By anticipating every question your team members could have, you make communication far more effective. This stops employees from relying on follow-up messages and clarifications. Instead, they have all the information they need at their fingertips.
Categorizing these chat threads by topic can make navigating them and finding the desired information easier. Thus, you enable staff to find full explanations without having to disturb others.
Although they’re a great form of business communication, you need to be wary of emails. Not everyone uses them with the same intent. Some use them for quick confirmation of a decision. Others expect emails to be more informative and have longer response times.
Clarifying what sort of messages emails should convey and the expected response time prevents your team from becoming frustrated and confused. That can lead to repetitive messages and wasted time.
Other channels are better for more time-sensitive responses, whereas emails suit handing over information or setting expectations. Emails should include how the sender wants the recipient to respond (if at all) to save unwanted email chains from distracting everyone.
#6. Cloud file sharing
Different channels of communication lend themselves to various purposes and roles within your business. Where you may already have email, phone, and online meeting platforms to keep in contact with your hybrid teams, make sure you also have channels that can share and store files.
These should be easily accessible and your employees should be confident using them, increasing the availability of your files without having to ask others.
Using cloud file-sharing can mean certain documents or commonly used files are available to your team regardless of their location or device. This means different members of a team can work asynchronously on the same document without having to request a copy.
It also means key business files are available for anyone to look up and get information, reducing the need for synchronous communication. Using a tool such as an online signature generator could help management and team members sign contracts without having to be present.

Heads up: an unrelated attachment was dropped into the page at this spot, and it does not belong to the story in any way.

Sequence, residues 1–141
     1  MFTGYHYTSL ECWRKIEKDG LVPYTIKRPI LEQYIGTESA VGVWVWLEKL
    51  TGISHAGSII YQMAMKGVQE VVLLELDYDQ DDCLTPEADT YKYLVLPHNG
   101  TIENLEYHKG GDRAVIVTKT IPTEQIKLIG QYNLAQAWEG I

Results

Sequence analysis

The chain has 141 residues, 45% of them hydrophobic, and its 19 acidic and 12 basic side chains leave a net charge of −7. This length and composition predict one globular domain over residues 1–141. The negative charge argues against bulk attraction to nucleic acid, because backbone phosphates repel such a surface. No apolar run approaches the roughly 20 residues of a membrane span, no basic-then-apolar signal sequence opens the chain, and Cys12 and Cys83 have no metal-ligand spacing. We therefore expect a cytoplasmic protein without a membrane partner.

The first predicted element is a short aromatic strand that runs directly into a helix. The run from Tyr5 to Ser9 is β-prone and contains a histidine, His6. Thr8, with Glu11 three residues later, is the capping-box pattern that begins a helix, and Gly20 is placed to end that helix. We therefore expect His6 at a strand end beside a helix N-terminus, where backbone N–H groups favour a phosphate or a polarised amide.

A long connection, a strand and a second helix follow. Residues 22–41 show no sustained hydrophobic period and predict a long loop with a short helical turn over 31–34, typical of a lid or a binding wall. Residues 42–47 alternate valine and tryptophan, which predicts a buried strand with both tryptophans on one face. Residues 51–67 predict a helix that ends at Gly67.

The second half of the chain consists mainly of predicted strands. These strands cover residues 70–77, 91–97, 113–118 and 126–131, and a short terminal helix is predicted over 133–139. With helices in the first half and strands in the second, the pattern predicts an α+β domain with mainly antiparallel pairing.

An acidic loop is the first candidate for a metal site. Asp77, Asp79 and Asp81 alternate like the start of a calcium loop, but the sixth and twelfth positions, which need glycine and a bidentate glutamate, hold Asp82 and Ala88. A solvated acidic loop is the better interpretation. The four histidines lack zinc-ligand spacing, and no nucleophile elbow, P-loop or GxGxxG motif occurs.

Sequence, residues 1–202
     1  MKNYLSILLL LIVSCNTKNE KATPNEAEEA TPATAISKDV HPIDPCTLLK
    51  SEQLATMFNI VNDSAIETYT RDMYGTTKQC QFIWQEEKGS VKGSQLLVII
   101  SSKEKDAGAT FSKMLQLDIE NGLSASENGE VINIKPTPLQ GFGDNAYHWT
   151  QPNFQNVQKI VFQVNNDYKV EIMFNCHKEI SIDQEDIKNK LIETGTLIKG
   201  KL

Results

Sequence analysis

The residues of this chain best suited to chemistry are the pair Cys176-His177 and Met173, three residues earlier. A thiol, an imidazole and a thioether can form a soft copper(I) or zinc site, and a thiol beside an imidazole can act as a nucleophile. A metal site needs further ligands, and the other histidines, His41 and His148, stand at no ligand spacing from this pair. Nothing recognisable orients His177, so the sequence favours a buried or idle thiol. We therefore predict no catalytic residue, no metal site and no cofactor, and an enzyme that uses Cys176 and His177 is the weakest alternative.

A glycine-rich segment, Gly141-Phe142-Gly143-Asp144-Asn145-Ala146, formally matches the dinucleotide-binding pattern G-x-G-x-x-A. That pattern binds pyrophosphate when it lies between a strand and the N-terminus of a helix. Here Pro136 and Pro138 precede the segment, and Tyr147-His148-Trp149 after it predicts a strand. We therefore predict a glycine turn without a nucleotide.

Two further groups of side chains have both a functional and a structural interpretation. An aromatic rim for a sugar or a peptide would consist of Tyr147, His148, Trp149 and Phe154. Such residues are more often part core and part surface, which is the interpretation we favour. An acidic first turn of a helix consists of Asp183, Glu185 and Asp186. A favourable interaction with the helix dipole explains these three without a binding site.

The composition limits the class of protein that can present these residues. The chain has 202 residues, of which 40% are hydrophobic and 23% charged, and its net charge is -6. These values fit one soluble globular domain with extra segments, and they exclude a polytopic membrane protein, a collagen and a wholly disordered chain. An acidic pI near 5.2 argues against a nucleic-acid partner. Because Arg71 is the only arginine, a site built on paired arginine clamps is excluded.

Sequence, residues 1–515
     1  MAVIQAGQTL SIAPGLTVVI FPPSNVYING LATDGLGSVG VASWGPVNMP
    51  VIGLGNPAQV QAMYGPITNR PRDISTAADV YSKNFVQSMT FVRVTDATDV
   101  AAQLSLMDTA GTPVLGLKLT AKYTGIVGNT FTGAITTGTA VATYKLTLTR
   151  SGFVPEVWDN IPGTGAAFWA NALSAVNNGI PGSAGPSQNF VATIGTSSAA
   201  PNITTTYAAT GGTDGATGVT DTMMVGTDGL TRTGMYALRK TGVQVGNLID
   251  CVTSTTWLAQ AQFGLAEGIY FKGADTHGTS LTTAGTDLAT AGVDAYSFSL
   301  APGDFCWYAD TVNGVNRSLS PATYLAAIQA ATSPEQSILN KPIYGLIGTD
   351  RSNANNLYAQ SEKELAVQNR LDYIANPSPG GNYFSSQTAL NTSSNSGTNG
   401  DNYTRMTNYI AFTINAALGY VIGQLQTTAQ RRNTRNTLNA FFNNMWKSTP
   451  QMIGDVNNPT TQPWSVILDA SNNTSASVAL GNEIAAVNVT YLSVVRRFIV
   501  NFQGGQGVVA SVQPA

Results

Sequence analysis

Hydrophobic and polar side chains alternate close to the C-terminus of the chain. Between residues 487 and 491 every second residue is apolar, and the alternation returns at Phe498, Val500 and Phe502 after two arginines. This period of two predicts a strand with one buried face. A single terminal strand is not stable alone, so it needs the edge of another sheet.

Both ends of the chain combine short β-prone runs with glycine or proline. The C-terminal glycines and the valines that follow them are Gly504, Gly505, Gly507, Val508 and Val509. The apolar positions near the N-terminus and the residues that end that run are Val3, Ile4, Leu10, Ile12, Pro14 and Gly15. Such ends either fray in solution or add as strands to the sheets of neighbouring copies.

#7. Recorded communications
As much as entirely asynchronous communication might be desirable, there are circumstances where it doesn’t fit the bill. Teamwork relies on a level of real-time collaboration, and employee management does require meetings and one-to-ones on occasion.
However, these meetings and calls can be recorded so the information they cover can be accessed again in similar future situations.
This makes the most of synchronous communication where it’s necessary while adding to the stored information employees can access. By storing these recordings, you don’t need to repeat similar questions or discussions multiple times.
This approach limits the number of spontaneous calls and meetings and helps organize resources for employees to use before having to interrupt colleagues.
#8. Instructional videos
When communicating with other team members, make sure they completely understand your meaning. Avoid assumptions that everyone is on the same page and spell out your intentions. Using instructional videos is a great way to ensure this. You can even show examples of appropriate responses or how to do a task.
So, use clear directions in your instructional videos. Thus, you minimize the need for follow-up explanations and ensure the viewer will do what they’re supposed to. This saves time for everyone involved, eliminating the need for a real-time conversation.
Instead, members of a team can engage with the instructional videos when they need them without requiring others in the team to talk them through the task.
Make your communication asynchronous
By adapting your business workflow to be more asynchronous, you can improve employee productivity and better accommodate teamwork across flexible work schedules.
These methods allow effective communication, explain fully any information or expectations, and reduce clarifications needed and the impulse to instant message. This way, your reduces the time employees spend on email management and so on, allowing them to work without interruptions.
Moving to asynchronous communication doesn’t happen overnight. It’s a change of work culture and means introducing new channels and ways of interacting. Purposely setting out to rely less on instant responses and conversations takes some practice to get used to.
However, these asynchronous ways of communication will benefit your team in the long run. Whether managing a hybrid workforce, working different schedules, or just wanting to communicate more effectively, it’s a winning strategy.
Author: Patty Yan is the EMEA Product Marketing Manager for RingCentral Office, the leader in cloud communications solutions and virtual PBX phone system. Patty is passionate about creating value and differentiation, ensuring a better experience for customers and partners. She gained a wealth of international product marketing, product management, GTM, and market development experience across a range of high-tech SaaS. She is not new to UC, starting in Tandberg, then Cisco, driving the launch of video collaboration and services, and Enghouse with global responsibilities for hosted CCaaS.